ing directly away from our main army. Hunter acted, too, in a country where he had no friends; whilst the enemy have only operated in territory where, to say the least, many of the inhabitants are their friends. If General Hunter has made war upon the newspapers in West Virginia, probably he has done right. In horsewhipping a soldier he has laid himself subject to trial; but, nine chances out of ten, he only acted on the spur of the moment, under great provocation. I fail to see yet that General Hunter has not acted with great promptness and great success. Even the enemy give him great credit for courage, and congratulate themselves that he will give them a chance of getting even with him. U.S. GRANT, Lieutenant-General.
NCLE TOMMY DOWELL and Uncle Luther Dowell were twins only in age and patriotism. In everything else they were as different as black and white or hot and cold. Uncle Tommy was short, and puffy, and bald of head, with a reminiscent twinkle in his blue eye, and a certain sprightliness in his step that quite belied his age. Also, he had two good, stout, stubby legs, although they were a bit bowed and stiff, so that he thumped smartly with his heels when he walked.
What Uncle Tommy lacked of reaching nature's standard of a man, Uncle Luther He was gaunt and stooping, and so spare that one almost expected to hear him rattle in his old blue clothes like withered peas in a pod. Fine trouble lines mapped his forehead, and his beard was thin and gray. When he walked, he lurched at every step
and bore heavily on his cane, for he had left his good right leg on the bloody slopes at Chickamauga, and for nearly thirty years he had stumped painfully about on a wooden leg.
Uncle Tommy was bluff and prosperous. He lived in a comfortable house in West Alden, and when all of his children came home for Thanksgiving dinner, Uncle Tommy's wife put all the spare leaves in the diningtable and carved two turkeys.
Uncle Luther had a little one-story shop, across the county line in the adjoining town of Amery, where he soldered leaky milk pans and tinkered clocks. It was next the lane, in the farther corner of his son Jonathan's land, and he made up his own bed and cooked his meals in the little room in the rear. He seemed at least twenty years older than Uncle Tommy, and he had become querulous and quavery, so that Jonathan and his thrifty wife groaned under the responsibility of looking after him.
And that shows how two brothers, who have been boys together, men together, and soldiers together, may drift apart. For years Uncle Tommy and Uncle Luther had not met, except at gatherings of old soldiers, and these were not pleasant meetings. For the two little towns, albeit they lay out on the wide Minnesota prairie, with only an imaginary line between them, could not agree. It was the kind of dissension that grows rank and strong in little communities where there are few outside interests to occupy the intervals of attention. And the old soldiers took it up, and fought it out as valiantly as they had marched on Vicksburg. They might have had a Grand Army post, with reminiscent camp-fires, and they might have had Fourth of July celebrations and Memorial Day parades; but as certainly as Uncle Tommy led the hosts of West Alden in one direction, Amery and Captain Enoch Bradley could be depended upon to march in exactly the opposite direction. As for Uncle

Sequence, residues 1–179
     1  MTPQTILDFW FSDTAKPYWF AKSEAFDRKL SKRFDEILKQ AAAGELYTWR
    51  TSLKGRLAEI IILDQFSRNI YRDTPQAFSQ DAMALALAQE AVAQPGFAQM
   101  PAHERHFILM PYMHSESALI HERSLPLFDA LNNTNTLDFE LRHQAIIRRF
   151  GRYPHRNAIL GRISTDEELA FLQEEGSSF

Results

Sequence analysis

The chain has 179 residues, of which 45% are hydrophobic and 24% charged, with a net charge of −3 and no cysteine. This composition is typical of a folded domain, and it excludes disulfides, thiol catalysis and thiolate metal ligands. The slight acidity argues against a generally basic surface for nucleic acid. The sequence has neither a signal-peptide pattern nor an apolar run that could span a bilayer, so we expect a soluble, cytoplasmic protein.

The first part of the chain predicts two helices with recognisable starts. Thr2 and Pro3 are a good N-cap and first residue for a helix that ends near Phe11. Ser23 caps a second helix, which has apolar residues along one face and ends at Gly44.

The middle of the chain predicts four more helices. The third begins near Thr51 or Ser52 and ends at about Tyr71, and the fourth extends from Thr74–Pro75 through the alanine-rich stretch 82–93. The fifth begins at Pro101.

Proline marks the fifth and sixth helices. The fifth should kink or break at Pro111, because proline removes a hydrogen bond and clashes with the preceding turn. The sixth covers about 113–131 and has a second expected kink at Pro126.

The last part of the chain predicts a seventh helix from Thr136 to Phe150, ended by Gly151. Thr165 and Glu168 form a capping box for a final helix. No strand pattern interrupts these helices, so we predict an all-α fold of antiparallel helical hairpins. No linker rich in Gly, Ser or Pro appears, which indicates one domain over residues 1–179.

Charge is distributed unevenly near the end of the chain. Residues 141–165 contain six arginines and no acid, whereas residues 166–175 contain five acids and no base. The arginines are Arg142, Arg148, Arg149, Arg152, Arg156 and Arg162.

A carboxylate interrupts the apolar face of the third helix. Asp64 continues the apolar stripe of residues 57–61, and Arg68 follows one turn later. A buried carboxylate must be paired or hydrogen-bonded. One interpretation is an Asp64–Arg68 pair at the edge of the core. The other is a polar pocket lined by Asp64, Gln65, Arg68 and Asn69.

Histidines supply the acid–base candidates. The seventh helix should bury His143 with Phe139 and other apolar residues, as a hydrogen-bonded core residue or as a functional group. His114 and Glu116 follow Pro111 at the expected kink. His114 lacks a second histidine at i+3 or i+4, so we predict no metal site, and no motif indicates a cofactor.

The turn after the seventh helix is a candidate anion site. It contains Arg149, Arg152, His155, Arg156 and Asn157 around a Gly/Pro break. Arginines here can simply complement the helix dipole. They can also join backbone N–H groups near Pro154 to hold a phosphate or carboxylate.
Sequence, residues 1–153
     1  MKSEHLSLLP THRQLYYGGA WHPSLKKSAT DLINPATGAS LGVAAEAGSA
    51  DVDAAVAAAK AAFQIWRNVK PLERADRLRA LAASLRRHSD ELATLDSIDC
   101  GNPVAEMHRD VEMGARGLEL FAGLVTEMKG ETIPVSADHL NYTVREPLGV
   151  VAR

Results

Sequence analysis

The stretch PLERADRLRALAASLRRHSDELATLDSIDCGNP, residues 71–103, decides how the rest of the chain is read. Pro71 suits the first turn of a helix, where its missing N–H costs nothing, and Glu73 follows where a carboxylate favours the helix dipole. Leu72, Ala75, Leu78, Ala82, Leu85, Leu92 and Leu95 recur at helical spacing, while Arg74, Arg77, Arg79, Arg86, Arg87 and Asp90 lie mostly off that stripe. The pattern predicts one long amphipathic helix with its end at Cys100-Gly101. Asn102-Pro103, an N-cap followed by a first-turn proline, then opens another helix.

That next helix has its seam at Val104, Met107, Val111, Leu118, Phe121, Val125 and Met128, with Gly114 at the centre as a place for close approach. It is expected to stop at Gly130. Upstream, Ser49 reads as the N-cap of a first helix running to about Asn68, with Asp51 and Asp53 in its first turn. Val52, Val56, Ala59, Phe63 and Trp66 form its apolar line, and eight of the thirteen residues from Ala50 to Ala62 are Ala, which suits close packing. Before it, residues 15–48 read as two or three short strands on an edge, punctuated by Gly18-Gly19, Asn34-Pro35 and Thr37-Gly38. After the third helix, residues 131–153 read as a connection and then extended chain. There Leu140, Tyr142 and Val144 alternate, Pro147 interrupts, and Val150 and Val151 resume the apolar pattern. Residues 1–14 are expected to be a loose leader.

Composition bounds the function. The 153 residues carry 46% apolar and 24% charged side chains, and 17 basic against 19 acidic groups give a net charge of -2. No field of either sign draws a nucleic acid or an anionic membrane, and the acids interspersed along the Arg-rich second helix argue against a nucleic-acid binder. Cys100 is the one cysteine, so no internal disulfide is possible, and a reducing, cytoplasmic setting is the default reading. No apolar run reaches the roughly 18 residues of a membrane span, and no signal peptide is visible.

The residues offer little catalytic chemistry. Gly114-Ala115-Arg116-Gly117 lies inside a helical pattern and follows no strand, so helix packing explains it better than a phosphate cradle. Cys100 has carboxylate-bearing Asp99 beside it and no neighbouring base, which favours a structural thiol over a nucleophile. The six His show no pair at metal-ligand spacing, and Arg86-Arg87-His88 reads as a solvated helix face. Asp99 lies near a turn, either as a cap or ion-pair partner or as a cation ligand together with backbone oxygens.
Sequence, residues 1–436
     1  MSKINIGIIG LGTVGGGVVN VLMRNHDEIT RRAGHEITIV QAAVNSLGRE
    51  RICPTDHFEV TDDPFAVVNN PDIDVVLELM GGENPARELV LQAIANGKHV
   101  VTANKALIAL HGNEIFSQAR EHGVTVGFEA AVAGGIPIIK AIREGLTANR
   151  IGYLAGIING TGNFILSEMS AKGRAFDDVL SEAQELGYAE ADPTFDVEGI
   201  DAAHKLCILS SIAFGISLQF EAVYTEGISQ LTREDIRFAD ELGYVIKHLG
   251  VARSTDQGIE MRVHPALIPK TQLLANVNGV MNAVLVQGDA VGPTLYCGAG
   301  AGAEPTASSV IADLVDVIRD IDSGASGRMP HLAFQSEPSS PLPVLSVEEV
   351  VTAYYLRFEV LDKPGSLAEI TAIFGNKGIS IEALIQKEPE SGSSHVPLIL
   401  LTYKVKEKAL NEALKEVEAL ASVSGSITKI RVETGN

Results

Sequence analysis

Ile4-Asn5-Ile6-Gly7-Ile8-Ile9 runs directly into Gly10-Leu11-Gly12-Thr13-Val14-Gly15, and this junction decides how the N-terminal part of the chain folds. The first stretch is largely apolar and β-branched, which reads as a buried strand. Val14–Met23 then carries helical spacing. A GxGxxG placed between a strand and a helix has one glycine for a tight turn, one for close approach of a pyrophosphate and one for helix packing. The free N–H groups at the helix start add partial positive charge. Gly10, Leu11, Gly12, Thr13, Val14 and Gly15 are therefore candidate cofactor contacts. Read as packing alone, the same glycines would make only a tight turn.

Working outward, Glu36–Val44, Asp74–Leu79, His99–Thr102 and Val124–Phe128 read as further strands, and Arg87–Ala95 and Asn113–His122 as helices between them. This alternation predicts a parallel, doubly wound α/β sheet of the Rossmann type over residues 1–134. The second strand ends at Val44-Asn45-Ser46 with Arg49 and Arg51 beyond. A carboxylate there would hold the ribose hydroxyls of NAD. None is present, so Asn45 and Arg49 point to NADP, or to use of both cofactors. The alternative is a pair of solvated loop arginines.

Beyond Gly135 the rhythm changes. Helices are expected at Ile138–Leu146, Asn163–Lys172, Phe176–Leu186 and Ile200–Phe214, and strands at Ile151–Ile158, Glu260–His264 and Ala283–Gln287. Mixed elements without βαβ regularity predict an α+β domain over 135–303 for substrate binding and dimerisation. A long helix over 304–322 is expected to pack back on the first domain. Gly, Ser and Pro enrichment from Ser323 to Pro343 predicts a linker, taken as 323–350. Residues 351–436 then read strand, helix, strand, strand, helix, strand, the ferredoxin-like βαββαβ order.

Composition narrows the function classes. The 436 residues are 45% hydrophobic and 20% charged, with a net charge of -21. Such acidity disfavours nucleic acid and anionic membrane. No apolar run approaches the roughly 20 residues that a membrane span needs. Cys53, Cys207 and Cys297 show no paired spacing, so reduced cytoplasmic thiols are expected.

Luther, he always followed Uncle Tommy's procession, wherever it might lead. Again and again the old soldiers of the two towns met in the interests of harmony. Uncle Tommy would come to preside, and Uncle Luther would second the motions, and then they all would slump off into the quagmire of dissension. At such times the fires of a stirring past would blaze up in Uncle Luther's faded eyes, his stooped shoulders would stiffen back, a faint flush would steal into his cheeks, and he would nod his old gray head as if in time to martial music that none but he could hear. Sometimes the tears came up to his eyes, and the boy who was fortunate enough to hear him talk thrilled with the quick pride of strife, and longed to shoulder a carbine and march away to the music of fife and drum.
For two years the towns had held Memorial Day services, but they had been mournfully dispirited. Uncle Tommy, by sheer force of character, had been marshal of the day, and Uncle Luther and a few stragglers from Amery had marched with the parade; but Captain Enoch and his supporters stood by with gloomy forbearance, and offered no word of encouragement. There was really little need of Memorial Day services, except in the abstract. The cemetery, where the discord of the two towns was buried, lay on a bare prairie knoll, set around with precise rows of spindling cottonwoods that languished half the summer with thirst and whipping winds and dust and it contained no soldiers' graves. But Uncle Tommy's parades marched up the road to the cemetery gate and back again, and Uncle Luther
"Where he soldered leaky milk pans and tinkered clocks.”
felt that the country's dead, wherever they might lie, had been honored.